Vibration exciters of this type are used predominantly in vibration plates, and are known from, for example, EP 0 358 744 B1.

A similar vibration exciter is described in DE 100 38 206 A1. It has two imbalance shafts that are positively coupled and that are capable of rotation in opposite directions, each bearing a stationary imbalance mass as well as an imbalance mass that can be moved rotationally relative to the stationary imbalance mass, and thus with the imbalance shaft. The position of the movable imbalance masses can be actively modified within a large range using adjustment means.

When the imbalance shafts rotate, the cooperation of the different imbalance masses produces a resulting overall force that can be directed in the forward or backward direction of travel as desired by the operator. The change of the direction of travel is effected by adjustment means that control the movable imbalance masses. If the operator wishes to bring the soil compacting device to a standstill, the resulting force of the centrifugal weights is set in the vertical direction. This also means that a well-directed compacting of the soil can be achieved while the machine is standing still.

However, the operator does not always desire a strong compacting of this sort at a locally limited point on the soil. In particular when the vibration plate is moving back and forth, at what is called the reverse point an overly strong and thus disadvantageous compacting of the soil can arise, because the force acting on the soil at this position is at its greatest, whereas during the forward or backward travel of the vibration plate, and the concomitant pivoting of the resultant force vector by, for example, 45° towards the front or towards the back, the force acting on the soil is reduced to 1/%2 of the maximum value.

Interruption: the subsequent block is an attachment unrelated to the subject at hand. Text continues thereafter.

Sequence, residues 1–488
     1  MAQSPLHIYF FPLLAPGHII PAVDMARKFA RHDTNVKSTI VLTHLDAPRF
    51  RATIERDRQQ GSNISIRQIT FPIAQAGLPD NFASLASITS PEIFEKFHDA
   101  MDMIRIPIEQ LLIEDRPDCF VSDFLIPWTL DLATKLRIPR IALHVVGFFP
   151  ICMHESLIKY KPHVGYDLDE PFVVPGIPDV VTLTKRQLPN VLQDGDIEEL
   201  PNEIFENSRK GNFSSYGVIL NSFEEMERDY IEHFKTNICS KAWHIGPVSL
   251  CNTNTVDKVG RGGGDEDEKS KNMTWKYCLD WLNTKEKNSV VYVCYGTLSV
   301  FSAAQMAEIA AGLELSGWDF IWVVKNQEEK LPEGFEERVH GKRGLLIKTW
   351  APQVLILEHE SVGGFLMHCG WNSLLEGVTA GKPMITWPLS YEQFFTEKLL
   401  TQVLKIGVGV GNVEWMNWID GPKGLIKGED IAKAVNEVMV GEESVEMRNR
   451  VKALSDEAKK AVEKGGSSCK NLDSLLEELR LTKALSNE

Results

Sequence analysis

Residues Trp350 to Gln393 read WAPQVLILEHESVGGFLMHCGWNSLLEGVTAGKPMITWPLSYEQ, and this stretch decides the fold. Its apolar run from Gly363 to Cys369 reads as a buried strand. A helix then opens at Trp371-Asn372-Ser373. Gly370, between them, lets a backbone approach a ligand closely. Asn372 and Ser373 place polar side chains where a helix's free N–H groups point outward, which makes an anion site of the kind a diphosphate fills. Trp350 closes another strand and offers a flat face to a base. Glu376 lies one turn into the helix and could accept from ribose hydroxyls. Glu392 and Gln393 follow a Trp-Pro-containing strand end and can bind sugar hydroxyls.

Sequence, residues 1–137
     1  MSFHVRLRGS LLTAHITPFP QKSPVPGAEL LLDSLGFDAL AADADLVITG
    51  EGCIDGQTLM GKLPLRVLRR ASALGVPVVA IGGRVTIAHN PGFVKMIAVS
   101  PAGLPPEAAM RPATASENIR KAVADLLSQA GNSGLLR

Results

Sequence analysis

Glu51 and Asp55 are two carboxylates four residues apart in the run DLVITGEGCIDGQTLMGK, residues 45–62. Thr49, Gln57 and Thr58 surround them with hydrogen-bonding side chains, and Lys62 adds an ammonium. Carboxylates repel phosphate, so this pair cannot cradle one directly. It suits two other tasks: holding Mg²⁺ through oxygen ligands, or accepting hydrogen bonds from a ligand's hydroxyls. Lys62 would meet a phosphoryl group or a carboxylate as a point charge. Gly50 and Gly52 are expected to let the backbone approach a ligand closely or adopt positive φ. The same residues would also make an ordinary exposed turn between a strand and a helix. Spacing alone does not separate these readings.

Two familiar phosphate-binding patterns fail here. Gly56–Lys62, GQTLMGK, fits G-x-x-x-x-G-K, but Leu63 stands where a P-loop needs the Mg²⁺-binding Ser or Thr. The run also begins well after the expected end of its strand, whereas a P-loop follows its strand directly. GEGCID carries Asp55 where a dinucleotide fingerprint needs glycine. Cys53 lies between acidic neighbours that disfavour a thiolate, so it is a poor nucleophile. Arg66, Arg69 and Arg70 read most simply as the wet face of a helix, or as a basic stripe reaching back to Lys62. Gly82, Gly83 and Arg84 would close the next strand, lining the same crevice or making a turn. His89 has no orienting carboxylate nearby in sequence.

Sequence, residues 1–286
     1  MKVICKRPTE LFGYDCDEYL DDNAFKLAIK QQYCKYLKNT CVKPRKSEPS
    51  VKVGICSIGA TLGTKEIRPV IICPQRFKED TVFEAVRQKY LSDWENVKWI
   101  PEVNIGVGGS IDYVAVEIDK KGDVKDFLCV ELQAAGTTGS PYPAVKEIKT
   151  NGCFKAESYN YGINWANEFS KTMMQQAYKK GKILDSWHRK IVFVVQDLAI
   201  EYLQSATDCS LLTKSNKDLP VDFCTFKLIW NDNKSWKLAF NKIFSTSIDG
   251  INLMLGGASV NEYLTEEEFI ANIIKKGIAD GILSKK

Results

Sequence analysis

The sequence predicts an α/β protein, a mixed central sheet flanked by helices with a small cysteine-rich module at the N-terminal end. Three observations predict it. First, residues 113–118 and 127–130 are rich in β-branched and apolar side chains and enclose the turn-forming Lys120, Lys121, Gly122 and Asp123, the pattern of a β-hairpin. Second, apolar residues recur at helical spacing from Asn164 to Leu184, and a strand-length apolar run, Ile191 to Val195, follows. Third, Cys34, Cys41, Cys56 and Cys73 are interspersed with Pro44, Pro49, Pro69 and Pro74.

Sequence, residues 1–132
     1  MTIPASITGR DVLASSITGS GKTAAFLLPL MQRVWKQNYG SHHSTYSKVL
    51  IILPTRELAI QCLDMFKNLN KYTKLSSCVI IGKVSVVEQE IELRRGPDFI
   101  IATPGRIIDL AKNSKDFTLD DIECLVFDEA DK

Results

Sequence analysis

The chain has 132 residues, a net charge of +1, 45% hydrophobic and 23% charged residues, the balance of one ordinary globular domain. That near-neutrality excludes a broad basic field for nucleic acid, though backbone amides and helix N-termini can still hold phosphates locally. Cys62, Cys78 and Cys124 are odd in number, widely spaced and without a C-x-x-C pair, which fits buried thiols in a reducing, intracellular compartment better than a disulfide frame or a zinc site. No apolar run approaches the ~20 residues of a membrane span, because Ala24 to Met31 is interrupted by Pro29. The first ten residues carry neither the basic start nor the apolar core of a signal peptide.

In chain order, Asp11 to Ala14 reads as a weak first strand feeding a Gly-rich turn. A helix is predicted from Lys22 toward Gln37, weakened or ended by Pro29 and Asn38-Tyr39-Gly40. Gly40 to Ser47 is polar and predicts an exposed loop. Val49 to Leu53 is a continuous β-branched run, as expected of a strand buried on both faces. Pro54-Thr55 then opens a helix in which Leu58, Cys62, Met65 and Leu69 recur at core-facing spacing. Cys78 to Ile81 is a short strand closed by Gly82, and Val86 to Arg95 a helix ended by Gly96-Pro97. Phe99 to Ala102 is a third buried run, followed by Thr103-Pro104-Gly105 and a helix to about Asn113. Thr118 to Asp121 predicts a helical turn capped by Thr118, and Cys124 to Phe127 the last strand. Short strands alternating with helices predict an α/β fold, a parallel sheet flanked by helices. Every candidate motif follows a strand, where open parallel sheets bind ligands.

Although the described arrangements have proven very valuable in compacting soil, sand, or gravel, they can be problematic in the compacting of asphalt or concrete surfaces, because the maximum vertical force prevailing at the reverse point can cause localized indentations that cannot be corrected. Thus, in asphalt rollers the vibration is standardly switched off in reverse operation in order to prevent the roller from sinking too deeply into the asphalt when the direction is changed.

In order to solve this problem, in DE 199 43 391 A1 a vibration exciter is described in which the phase position of the centrifugal weights can be adjusted in such a way that the vertical components of the centrifugal forces produced by the centrifugal weights cancel each other out in each rotational position, while the horizontal components of the centrifugal forces are correspondingly added together in the same direction. This makes it possible for the vibration plate to no longer communicate vertical vibrations to the soil when standing still; rather, via a soil contact plate, shearing stresses are introduced into the soil, with which cracks and pores, for example in an asphalt surface, can advantageously be compacted.

This arrangement has also proved very effective in practice. However, the strong horizontal vibrations that prevail during the standstill operation of the vibration plate are not always pleasant for the operator, and also are not always desired for the compacting of the soil surface.

The present invention is therefore based on the object of developing a vibration exciter of the type named above in such a way that an excessively strong compacting of the soil in standstill operation, due to strong vertical vibrations, can be avoided without exposing the operator or the soil to be compacted to strong countering horizontal vibrations.

According to the present invention, this object is achieved by a vibration exciter having the features of patent claim 1. Advantageous developments are defined in the dependent claims.